Improving community health could translate into providing healthier food to vulnerable or underserved populations. Hospitals also can meet community benefit standards through financial or in-kind support to programs that improve public health. Some hospitals that filed their community benefit reports earlier this year listed their relationship with a Community Supported Agriculture (CSA) group.
One hospital in Massachusetts stated it sponsors a CSA “to provide improved access to fresh fruits and vegetables to promote healthy eating and support local businesses. There was an effort to encourage individuals to collectively participate by splitting both the food and the cost of the food. This has been well received by those that participated, and we expect to offer this again next year.”
Wholesome Wave has created veggie prescription programs so far in Maine, Massachusetts, New Mexico, New York, Rhode Island and the District of Columbia. In some states, insurers also have created similar reimbursement programs for farmers markets and CSAs.
On average, the prescription for fruit and vegetable participants show a 38 percent improvement in their body mass index after 20 weeks on the program. Some people saw higher than 50 percent improvement.
In Washington, the group DC Greens has worked for the past two years as a liaison between a handful of farmers markets using the program. Lauren Shweder Biel, executive director of DC Greens, said the program there so far has targeted childhood obesity. More than half the participants have seen declines in body mass index and nearly 70 percent of them are keeping their monthly appointments with primary care physicians. The program will provide a family $1 a day for every family member to buy produce at a farmers market. That would be $28 a week for a family of four.
“It’s like we are giving people a literal carrot to go to their doctor,” Shweder Biel said. She added, “It’s a simple, but elegant, way to work on preventive health. When you compare the cost to dialysis, it’s a whole lot cheaper.”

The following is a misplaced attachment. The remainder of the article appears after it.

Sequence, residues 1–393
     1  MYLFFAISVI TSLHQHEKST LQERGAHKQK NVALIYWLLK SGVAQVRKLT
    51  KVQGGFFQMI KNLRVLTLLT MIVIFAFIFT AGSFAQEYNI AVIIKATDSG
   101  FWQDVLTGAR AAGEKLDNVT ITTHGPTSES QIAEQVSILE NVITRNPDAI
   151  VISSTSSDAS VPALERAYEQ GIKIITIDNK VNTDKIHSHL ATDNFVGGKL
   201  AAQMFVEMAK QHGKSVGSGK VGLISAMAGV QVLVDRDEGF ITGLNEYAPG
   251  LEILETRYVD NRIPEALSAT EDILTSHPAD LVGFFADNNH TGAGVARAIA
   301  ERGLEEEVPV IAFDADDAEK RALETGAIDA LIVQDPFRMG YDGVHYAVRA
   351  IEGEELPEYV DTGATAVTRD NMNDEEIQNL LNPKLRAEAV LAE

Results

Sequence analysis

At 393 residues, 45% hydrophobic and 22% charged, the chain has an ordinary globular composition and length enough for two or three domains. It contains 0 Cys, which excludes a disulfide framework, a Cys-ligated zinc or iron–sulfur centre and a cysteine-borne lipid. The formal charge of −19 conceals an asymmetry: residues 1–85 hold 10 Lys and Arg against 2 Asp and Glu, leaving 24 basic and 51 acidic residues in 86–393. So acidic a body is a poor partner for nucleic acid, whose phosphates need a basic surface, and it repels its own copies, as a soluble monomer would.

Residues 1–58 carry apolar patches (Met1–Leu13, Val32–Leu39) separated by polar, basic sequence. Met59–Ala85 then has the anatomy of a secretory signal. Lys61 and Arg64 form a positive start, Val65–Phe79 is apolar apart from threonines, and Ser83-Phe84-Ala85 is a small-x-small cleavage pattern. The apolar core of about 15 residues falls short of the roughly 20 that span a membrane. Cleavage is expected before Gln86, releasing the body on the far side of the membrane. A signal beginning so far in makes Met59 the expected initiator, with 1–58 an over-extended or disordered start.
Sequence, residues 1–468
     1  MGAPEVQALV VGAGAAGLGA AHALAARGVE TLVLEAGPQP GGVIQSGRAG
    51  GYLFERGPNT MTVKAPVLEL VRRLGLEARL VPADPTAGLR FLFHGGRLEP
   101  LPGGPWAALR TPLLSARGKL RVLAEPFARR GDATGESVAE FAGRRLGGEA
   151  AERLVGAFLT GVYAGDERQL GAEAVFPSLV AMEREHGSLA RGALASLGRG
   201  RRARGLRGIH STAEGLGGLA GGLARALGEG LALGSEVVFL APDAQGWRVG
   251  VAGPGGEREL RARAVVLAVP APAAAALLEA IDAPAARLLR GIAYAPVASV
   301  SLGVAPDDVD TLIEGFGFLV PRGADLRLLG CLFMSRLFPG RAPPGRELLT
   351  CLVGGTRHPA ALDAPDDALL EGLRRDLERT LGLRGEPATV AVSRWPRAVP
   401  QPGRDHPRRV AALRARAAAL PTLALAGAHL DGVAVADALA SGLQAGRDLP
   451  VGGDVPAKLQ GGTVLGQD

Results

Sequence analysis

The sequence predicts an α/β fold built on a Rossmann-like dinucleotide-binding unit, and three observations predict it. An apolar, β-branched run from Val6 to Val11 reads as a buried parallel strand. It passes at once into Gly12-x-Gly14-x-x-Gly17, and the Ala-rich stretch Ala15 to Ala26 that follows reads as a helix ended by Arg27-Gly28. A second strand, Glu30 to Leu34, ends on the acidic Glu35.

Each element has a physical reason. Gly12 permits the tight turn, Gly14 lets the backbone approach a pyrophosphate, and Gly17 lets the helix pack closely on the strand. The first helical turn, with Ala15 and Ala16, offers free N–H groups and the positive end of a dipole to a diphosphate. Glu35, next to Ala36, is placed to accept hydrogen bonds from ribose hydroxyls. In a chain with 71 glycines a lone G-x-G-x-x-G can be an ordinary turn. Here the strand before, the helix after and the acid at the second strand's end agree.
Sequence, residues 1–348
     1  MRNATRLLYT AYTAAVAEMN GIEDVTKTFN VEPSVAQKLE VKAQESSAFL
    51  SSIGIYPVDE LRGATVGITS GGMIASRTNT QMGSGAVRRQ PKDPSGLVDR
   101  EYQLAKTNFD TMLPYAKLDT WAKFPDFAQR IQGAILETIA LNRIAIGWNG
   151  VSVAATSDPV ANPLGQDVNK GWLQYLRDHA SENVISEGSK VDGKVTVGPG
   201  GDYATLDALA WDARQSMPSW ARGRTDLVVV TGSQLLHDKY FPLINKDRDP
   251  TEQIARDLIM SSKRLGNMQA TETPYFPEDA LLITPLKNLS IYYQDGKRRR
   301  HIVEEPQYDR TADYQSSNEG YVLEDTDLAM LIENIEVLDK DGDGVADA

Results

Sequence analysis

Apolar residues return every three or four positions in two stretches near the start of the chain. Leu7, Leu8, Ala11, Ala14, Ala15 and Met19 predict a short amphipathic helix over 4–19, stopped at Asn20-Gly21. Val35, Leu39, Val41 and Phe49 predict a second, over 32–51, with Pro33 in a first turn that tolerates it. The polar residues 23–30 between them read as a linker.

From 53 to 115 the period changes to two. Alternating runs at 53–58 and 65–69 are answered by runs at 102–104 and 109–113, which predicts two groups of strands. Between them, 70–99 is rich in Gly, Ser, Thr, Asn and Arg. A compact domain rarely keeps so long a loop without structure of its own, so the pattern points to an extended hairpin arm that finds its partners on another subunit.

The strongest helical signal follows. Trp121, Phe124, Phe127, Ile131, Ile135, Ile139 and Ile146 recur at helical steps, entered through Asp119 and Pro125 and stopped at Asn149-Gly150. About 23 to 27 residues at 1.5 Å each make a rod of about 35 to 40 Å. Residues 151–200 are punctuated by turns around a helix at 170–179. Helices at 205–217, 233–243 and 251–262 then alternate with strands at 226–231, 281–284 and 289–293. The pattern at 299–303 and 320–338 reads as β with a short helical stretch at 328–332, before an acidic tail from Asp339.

Dr. Mike Lambke, a family doctor who also works on pediatric obesity in Skowhegan, ME, said his hospital and practice began writing prescriptions for produce four years ago. It became part of a program formed through talks with farmers, community residents and physicians looking for ways to cope with rural obesity issues. At first, the hospital targeted women who were pregnant. For medical professionals, it forced them to think more about preventive care through better nutrition.
“Physicians aren’t very motivated to talk to patients about nutrition, but that is changing,” Lambke said. “It is a real shift for physicians to think (about) prescribing a fruit or veggie.”
The prescriptions, however, were also a way to get the women to return for follow-up visits. The doctors saw a higher percentage of repeat visits and more people shifting diets. Then Lambke and others turned their attention to dia betics,
as well. Monthly visits for a group of diabetics became part of group classes focused on healthier lives. So many people are unfamiliar with old-fashioned cooking methods for some vegetables, so cooking, canning and freezing produce became part of the class. Lambke now has about 35 people in the class, he said.
The ACA moves from simple reimbursement for services to payments for outcomes. For rural areas, more than 1,800 critical care hospitals are exempt from some of the provisions of the ACA, but major insurers nationally are expecting all medical providers to adopt many of the ACA requirements. Rural hospitals will be searching for ways to better build their physician networks and patient relationships.
“Veggie prescriptions definitely fit into the whole preventive care aspect,” Lambke said. “I think we’re all going to have to be thinking about this. It doesnt take too much in terms of resources, but you have to figure out what resources you can depend on.” — Chris Clayton, DTN